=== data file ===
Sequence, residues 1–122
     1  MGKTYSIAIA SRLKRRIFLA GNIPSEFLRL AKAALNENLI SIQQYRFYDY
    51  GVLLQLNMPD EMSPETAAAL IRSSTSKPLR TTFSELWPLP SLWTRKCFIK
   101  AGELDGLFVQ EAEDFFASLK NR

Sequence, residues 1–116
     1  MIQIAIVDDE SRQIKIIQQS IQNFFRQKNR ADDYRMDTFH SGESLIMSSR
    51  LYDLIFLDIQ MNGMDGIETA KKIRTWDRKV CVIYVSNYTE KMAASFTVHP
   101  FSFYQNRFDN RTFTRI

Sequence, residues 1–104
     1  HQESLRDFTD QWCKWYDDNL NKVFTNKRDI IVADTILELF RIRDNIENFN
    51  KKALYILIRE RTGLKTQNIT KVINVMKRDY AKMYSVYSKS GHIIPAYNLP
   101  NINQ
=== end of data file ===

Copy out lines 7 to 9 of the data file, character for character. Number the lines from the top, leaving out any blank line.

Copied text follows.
    51  LYDLIFLDIQ MNGMDGIETA KKIRTWDRKV CVIYVSNYTE KMAASFTVHP
   101  FSFYQNRFDN RTFTRI

Sequence, residues 1–104